Power poisoning + presumption bias + poor speak-up culture = ticking time bomb
We also know from research that we all think we are good people, and when someone questions this, we immediately get angry and defensive. The scientific term for this is “moral identity threat.” This is one of the reasons why people in leadership positions usually don’t get critical feedback on their ethics, because the people around them know very well that this would jeopardize the relationship. But if you never get critical feedback, you can’t think self-critically about the ethical dimension of your actions. No one is ethically perfect, and without outside guidance, it is very difficult to question oneself in this regard.
The result is that people in the companies often already knew about the problems long before the bomb of a corporate scandal “suddenly” goes off. And then everyone wonders, quite startled, why no one said anything.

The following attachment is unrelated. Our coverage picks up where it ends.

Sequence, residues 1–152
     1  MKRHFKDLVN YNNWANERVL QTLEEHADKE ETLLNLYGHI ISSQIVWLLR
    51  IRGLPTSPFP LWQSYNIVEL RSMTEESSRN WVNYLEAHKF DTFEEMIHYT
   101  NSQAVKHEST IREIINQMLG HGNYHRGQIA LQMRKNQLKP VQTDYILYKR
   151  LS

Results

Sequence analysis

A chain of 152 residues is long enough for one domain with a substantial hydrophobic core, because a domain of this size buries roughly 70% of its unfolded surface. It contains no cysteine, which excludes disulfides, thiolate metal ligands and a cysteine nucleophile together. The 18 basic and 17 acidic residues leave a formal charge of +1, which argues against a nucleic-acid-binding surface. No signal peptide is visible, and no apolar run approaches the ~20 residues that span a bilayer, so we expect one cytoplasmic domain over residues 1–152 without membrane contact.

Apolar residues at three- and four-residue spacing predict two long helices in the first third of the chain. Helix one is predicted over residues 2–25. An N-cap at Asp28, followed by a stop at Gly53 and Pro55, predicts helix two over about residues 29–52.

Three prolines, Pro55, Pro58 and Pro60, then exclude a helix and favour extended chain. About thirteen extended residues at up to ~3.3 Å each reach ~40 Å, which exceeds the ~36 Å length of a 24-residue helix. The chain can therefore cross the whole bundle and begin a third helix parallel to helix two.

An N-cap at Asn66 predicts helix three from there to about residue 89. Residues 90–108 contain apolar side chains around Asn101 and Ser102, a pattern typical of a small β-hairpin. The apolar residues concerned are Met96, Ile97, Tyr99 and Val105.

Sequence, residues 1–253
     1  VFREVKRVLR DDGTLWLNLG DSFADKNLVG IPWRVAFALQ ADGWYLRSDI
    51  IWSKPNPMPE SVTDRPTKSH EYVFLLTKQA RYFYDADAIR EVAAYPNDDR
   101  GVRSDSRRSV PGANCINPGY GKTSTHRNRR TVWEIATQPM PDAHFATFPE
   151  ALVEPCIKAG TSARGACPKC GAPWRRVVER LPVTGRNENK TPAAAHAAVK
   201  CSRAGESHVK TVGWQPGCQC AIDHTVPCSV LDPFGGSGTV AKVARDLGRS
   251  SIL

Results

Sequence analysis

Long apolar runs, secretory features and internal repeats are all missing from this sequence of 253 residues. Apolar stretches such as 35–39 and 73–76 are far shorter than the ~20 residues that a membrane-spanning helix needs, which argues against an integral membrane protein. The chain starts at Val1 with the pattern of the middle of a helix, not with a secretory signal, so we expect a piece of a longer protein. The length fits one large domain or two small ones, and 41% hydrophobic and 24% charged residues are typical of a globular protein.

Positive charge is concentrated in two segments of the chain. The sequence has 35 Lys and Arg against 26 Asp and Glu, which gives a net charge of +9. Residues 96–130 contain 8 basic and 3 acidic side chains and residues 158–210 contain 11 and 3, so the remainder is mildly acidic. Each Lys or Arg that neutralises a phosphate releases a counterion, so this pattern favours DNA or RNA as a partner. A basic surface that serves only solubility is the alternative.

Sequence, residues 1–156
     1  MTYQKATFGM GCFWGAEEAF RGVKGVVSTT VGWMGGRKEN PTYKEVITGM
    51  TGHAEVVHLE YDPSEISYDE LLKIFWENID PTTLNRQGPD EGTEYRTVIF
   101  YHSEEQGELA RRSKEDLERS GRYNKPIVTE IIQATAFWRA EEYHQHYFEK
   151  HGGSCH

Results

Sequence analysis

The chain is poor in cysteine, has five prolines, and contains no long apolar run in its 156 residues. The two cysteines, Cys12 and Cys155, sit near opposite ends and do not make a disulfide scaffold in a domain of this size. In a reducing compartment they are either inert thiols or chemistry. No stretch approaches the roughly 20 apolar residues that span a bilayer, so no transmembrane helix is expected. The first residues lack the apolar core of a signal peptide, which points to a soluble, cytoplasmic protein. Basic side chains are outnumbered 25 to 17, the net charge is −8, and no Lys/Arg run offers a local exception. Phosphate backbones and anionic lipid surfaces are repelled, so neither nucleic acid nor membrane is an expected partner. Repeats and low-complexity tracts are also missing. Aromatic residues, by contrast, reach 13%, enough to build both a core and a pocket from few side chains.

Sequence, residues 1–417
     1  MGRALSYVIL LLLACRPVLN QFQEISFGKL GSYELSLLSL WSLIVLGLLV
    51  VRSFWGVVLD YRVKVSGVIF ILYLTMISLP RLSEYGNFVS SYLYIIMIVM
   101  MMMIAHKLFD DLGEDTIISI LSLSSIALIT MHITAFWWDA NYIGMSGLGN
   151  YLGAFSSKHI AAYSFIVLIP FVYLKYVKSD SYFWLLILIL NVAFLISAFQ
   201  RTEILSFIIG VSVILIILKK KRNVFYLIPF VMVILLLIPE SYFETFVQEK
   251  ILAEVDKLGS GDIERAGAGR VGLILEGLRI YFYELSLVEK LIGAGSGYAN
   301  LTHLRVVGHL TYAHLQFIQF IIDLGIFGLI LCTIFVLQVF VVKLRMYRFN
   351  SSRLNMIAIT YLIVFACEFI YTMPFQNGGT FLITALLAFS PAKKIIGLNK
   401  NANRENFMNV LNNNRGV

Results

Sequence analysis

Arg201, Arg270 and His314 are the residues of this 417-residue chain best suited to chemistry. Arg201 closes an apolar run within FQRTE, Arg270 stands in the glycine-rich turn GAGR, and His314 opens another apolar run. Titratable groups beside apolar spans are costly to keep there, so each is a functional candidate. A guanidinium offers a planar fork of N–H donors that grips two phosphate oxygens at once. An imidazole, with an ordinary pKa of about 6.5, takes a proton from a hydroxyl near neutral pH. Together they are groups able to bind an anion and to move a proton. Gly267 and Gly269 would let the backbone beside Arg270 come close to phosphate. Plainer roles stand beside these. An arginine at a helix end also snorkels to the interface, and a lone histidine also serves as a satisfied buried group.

As with power poisoning, it is not at all easy for individual managers to remain self-critically grounded in the facts and not become defensive in the face of critical questions about their moral qualities.
Here, as well, we need corporate structures that promote the ethical competence of managers, give egomaniacal self-promoters no chance, and build a culture of open dialogue in which raising ethical concerns is normal and encouraged.
In the next part of this ethical leadership series, we will discover why a higher proportion of women in leadership could be a recipe for success for less ethical leadership fails.